In Henry and June, Anaïs Nin asks her cousin Eduardo if one can be freed of a desire by experiencing it. ‘No,’ he says. ‘The life of freed instincts is composed of layers. The first layer leads to the second, the second to the third and so on. It leads ultimately to abnormal pleasures.’ A hunger sated only uncovers a darker, more rapacious need. There is no endpoint to desire, no fulfilment that can snuff it out entirely.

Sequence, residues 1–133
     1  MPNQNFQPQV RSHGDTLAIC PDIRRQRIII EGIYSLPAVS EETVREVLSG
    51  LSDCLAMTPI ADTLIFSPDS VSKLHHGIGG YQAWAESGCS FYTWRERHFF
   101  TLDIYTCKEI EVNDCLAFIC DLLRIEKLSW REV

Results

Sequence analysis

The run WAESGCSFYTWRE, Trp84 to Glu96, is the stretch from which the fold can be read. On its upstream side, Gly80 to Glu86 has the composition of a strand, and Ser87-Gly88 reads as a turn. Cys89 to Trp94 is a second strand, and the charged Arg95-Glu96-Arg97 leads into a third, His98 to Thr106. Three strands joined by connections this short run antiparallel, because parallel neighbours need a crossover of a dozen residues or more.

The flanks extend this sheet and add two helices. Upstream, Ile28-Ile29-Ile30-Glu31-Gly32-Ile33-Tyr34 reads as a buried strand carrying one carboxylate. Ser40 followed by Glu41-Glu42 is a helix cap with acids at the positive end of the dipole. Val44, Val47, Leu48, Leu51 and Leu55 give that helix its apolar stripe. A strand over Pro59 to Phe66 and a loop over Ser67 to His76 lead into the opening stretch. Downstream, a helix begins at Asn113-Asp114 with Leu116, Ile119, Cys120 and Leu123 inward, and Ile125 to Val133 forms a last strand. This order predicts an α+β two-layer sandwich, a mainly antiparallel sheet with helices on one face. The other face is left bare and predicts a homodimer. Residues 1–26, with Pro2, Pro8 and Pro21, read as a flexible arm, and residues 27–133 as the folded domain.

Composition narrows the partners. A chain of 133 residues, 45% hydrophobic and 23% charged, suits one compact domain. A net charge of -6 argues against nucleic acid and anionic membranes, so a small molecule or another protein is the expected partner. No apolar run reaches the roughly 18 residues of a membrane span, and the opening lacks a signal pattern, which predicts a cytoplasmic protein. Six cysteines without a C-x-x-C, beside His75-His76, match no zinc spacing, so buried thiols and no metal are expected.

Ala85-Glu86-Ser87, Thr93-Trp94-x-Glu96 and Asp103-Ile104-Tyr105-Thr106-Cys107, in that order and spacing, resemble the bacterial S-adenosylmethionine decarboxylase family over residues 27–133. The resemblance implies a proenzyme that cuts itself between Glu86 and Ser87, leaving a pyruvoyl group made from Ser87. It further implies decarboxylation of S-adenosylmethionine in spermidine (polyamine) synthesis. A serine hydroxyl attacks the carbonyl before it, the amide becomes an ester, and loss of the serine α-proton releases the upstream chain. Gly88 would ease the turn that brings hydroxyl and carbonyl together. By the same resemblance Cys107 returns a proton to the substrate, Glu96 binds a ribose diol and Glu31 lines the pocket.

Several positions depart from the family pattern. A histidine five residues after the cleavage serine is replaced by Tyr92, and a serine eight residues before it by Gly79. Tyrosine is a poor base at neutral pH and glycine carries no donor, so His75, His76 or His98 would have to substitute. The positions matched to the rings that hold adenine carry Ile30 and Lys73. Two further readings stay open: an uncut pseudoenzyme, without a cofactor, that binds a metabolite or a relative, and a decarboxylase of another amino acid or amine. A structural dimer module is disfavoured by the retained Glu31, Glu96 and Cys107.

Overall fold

The protagonist of Cleanness, a novel in the form of connected short stories, is an American teacher living in Bulgaria who will be familiar to readers of Garth Greenwell’s much lauded 2016 debut, What Belongs to You. Our teacher seems doomed to play every role in the lover’s repertoire, with some pleasure, yes, but with little or no satisfaction.